If you pay attention to the financial media (which you shouldn’t do), you’d think “volatility” was a bete noir for investors.
Here’s one of many examples, from Consumer Reports: Stock Market Volatility: 5 Moves to Keep Your Investments on Track.
The import of this article, and others, is that stock market volatility is (a) unusual and (b) bad.
Neither is true. Here’s why.
Volatility is normal
For the period from 1979-2017, the US stock market had an average intra-year decline of 14%.
About half of those years had declines exceeding 10%. Approximately one-third of those years had declines of more that 15%.
Clearly, there’s nothing abnormal about stock market volatility.
Volatility isn’t “bad”
Wide fluctuations in the market don’t always portend problems for investors.
In 33 out of 39 years examined (discussed above), calendar year returns were positive.
Investors who ignored market volatility and did nothing were rewarded.
Volatility is misunderstood
No one complains about market volatility when stocks go up. There are no articles telling you how you should deal with a sharp increase in the value of your portfolio.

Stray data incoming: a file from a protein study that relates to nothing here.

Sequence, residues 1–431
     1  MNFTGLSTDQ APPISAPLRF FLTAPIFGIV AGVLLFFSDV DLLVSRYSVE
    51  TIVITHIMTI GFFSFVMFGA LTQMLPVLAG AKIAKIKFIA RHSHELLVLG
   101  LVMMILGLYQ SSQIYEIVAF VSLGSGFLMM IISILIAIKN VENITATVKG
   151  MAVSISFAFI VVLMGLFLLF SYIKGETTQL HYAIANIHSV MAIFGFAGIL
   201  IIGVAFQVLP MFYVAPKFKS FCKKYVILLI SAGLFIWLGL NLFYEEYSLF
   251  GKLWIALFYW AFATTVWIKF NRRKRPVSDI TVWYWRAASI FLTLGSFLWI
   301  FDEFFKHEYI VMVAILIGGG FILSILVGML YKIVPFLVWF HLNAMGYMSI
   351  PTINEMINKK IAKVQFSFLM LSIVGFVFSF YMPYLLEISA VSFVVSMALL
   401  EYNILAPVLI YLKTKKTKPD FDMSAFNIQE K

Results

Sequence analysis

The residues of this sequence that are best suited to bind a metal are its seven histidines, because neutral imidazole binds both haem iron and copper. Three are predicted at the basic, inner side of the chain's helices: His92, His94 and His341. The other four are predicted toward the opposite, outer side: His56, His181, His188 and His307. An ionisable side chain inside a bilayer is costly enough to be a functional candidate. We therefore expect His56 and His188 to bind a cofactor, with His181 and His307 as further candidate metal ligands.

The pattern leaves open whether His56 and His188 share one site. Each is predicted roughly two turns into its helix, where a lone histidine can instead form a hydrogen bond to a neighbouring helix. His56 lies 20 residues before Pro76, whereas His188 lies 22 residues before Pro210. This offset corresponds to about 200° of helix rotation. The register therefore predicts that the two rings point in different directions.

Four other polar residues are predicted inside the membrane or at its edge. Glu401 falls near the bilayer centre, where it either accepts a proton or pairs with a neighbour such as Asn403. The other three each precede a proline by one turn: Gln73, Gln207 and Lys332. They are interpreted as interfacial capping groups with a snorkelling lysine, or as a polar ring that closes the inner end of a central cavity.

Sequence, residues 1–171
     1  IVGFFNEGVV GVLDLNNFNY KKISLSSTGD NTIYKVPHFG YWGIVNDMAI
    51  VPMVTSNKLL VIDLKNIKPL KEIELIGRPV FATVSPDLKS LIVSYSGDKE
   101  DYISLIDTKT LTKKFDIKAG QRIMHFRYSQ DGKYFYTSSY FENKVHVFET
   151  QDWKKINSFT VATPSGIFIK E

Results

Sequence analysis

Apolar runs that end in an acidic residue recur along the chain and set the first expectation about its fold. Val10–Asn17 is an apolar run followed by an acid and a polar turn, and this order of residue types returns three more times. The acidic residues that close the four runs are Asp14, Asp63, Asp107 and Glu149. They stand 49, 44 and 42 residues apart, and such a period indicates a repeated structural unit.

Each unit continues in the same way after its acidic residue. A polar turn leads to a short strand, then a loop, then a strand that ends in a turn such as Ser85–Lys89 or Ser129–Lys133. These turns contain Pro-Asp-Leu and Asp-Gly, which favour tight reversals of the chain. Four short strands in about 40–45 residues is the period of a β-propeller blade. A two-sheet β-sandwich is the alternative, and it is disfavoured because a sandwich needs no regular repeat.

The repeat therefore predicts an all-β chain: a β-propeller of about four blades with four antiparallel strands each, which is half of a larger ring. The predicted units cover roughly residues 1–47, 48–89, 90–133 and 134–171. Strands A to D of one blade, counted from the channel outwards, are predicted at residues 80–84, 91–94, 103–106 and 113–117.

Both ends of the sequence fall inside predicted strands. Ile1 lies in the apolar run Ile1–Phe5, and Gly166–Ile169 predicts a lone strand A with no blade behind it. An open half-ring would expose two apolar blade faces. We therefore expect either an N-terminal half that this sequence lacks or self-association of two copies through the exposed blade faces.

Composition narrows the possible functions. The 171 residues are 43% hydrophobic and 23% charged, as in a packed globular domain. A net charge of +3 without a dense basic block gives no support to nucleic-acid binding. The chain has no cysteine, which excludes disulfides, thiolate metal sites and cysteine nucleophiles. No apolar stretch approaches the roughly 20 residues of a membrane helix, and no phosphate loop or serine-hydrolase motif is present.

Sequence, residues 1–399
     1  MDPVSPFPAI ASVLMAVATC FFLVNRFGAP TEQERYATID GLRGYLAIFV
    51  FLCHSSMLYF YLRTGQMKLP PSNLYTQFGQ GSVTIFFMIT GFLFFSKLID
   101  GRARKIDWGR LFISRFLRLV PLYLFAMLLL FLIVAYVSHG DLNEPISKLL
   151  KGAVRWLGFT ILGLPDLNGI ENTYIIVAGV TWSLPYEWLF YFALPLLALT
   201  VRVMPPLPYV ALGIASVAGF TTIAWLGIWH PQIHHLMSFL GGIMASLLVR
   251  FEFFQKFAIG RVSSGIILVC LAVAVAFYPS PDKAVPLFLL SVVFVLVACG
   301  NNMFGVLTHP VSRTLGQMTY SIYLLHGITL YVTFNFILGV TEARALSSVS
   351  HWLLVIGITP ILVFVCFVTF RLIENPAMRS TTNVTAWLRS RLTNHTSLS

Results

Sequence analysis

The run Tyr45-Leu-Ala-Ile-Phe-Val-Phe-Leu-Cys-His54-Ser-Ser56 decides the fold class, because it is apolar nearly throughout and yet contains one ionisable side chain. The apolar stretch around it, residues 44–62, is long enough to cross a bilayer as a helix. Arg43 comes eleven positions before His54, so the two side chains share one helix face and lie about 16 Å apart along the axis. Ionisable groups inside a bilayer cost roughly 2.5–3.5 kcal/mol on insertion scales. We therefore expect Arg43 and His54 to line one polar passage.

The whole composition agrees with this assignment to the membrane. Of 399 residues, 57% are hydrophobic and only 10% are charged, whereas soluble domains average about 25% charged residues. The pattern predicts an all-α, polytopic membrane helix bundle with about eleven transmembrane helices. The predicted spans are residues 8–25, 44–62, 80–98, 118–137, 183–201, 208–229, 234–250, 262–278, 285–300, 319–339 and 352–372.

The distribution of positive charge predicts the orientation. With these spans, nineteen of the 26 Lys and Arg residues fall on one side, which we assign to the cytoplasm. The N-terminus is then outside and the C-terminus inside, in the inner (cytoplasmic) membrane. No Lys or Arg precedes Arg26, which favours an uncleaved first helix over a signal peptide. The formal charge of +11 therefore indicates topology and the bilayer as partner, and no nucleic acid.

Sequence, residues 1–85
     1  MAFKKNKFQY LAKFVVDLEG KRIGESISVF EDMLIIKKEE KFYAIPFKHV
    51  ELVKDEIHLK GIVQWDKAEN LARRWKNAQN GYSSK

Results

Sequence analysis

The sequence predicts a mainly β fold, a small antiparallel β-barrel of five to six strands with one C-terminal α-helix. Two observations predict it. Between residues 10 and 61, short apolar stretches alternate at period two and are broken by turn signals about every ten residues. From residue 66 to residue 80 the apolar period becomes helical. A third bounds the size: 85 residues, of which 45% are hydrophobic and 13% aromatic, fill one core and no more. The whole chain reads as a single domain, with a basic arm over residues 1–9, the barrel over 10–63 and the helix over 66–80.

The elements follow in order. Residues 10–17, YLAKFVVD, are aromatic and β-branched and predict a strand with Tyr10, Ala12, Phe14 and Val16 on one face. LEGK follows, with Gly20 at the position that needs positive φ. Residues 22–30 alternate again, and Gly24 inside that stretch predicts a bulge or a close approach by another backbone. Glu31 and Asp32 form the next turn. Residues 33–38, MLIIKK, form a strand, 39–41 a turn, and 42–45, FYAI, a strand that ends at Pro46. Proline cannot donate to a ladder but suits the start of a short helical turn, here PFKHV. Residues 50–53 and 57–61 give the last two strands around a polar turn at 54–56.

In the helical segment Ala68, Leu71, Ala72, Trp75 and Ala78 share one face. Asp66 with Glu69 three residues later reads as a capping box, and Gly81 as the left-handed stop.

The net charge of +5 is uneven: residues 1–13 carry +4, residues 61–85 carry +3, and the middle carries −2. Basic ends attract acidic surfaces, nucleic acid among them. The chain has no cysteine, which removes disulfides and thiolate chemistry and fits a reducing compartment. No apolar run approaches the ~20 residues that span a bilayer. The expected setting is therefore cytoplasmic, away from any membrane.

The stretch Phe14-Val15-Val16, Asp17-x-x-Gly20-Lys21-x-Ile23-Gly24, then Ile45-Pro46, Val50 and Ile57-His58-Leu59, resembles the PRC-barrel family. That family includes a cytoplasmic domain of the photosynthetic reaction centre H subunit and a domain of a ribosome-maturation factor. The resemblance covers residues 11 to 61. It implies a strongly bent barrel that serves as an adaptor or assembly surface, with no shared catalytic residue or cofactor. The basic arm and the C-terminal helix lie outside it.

Investors in stocks are rewarded for taking the risk of holding stocks instead of bonds. If there was no volatility, there would be no risk in holding stocks, and the expected returns of stocks would be equivalent to “risk free” investments, like bonds guaranteed by the full faith and credit of the US government.
This quote is an excellent summary of how you should view market volatility:
The market has gone through decades of wars, recessions, economic booms, bouts of hyperinflation, civil unrest, and natural disasters…..and they have proven their resilience. In fact, risk is the source of stock market returns. If there were no risk, there would be very low returns. – Tom Allen and Becky Vasquez, Index Fund Advisors
Resource of the week:
This article by Tom Allen and Becky Vasquez nicely puts market volatility in perspective.